John Ostrander: Whore to Culture & Other Working Relationships

john ostrander logoby John Ostrander

I’m over at Facebook a fair amount. I use it not just for friends and family, people I actually know, but also as a way to keep in touch with fans which I think is important. I try to give them a good personal experience with me because I value them; their support enables me to make a living as a writer. Some publishers have an interest in hiring me because they know I have my own fanbase.

So I post things and answer questions or notes – sort of like at a Con – and it’s nice. Most of the fans are very respectful; sometimes, maybe a little too respectful. There have been those who refer to me as “master”. I appreciate it as a token of respect but, to be honest, I’m uncomfortable with it. To my mind, I’m just a working guy and my work happens to be writing. It’s how I make my living – buy food, pay the bills, and so on.

I’m a professional writer and I take great pride in that; people pay money to read what I’ve written and, as I’ve said elsewhere, that’s something I’ve never taken for granted and never will. There’s a big demand on your dollar today (mine too) and if you spend the money on one thing chances are you aren’t spending it on another. Maybe if you buy a comic I’ve written you can’t buy some other comic. So it’s my job to make sure you get your money’s worth.

I’m not a “fine” writer; I’m a storyteller. Both as a reader and a writer, my big interest is “and then what happened?” I’m not a stylist although I can turn a good phrase. I’m not apologizing in any way; I’m proud of what I’ve written but I know what I am and what I am not.

I had an interesting online discussion some years back with a defiantly amateur writer. He claimed he was “purer” as a writer because he didn’t accept money for his work. In fact, he claimed I was a whore and prostituting myself for taking money for something I should have done for the pure love of it.

I will confess to be a bit flummoxed by this. I wasn’t sure how to answer. I could have said that he probably couldn’t prostitute himself because nobody would pay him; it’s hard to make money if you’re an ugly whore. However, that would have been mere pique and invective and dodged the central question – does getting paid for my work inherently make one less of an artist? Shakespeare (a greater artist than I) got paid, as did Dickens, Shaw, and many other talented artists.

On the other hand, there are plenty of hacks out there who will grind out anything to make a buck. There are times I have taken an assignment, not because I loved the character or the concept but because I needed the work and the paycheck. However, I’ve never put in less work as a result. I have to find something in the character that I can relate to, into which I can invest myself. It’s not always easy but it is always necessary. In some cases I am more successful than in others but the effort is always there because I know that, at some point, someone will put down real cold cash to read it.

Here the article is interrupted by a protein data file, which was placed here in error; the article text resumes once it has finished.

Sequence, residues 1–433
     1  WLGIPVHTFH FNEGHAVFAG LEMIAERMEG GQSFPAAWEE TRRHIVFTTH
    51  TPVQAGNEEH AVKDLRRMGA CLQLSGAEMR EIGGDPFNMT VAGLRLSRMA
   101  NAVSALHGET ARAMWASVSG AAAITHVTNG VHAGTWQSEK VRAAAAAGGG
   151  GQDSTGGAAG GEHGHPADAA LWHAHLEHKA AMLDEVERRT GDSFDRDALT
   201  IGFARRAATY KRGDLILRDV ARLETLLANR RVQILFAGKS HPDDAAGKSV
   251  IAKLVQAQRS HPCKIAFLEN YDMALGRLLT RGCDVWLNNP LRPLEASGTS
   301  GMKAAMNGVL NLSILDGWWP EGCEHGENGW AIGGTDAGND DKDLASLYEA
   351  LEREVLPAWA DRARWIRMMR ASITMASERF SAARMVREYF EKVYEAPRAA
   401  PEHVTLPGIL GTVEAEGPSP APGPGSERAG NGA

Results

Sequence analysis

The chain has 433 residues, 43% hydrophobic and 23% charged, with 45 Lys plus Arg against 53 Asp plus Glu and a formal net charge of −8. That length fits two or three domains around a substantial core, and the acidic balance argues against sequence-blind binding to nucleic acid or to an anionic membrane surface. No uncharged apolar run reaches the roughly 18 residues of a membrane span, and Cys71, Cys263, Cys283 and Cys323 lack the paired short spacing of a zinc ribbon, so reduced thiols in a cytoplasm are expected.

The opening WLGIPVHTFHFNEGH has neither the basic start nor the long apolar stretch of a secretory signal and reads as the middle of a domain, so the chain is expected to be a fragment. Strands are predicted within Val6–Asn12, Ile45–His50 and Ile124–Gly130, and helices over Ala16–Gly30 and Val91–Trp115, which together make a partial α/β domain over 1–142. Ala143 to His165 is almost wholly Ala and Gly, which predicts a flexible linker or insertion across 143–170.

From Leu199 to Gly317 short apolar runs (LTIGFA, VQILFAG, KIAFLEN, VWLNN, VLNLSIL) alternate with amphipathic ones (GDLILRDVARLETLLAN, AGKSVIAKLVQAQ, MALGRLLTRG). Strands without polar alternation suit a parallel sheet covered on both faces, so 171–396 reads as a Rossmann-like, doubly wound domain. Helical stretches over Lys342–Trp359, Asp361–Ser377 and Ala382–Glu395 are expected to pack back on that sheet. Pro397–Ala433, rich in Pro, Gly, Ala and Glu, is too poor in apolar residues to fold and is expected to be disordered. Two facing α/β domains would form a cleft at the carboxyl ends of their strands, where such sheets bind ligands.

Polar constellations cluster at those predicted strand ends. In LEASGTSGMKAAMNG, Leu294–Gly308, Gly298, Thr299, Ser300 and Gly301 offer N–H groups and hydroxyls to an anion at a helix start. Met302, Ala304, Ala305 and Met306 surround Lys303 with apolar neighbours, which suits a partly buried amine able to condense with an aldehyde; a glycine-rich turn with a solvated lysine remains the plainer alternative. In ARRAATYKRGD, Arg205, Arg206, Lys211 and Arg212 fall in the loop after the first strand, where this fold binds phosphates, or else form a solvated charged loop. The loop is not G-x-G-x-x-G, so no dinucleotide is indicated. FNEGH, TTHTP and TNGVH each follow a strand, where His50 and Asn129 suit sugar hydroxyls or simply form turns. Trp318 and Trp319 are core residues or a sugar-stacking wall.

I write to be read. I know one of the cardinal rules of writing is, first and foremost, to write to please yourself and I do that. However, I don’t only do that. I’m aware as I write that, hopefully, someone is going to read those words as you are reading these words. If one writes only to please oneself, then I think that’s literary masturbation. I’m not saying there’s anything inherently wrong with masturbation; I’ve dated Five Finger Lucy myself. There’s the old joke that goes “if it wasn’t for masturbation, I’d have no sex life at all” and, at one point in my past, that was very true. However, I also happen to think that sex with a partner is, well, better.

When you connect with your reader, it’s like flipping the electric switch to “on”. The electricity flows and it can flow both ways. It’s that connection with the reader that I’m looking for. In my stories, I ask my reader, “Have you ever felt this? Thought this? Considered this”? If they have, then we share something. The electricity flows between us. There’s a bond between us. We celebrate a shared humanity.

That’s my job. That’s what I get paid to do. What I get paid has never determined the effort I put into the work; it has enabled me to do it without expending time and energy making a living some other way, time and energy that I need to put into the work.

I’m not a master; I could never claim that for myself. I’m a guy from Chicaguh who writes for a living; a working stiff like most of you. Most days, I love what I do and, on the other days, it’s a grind, like any other job. Overall I’m proud of the work I’ve done and I hope to keep doing it until I drop. To quote James Earl Jones in Field of Dreams, “It’s what I do.”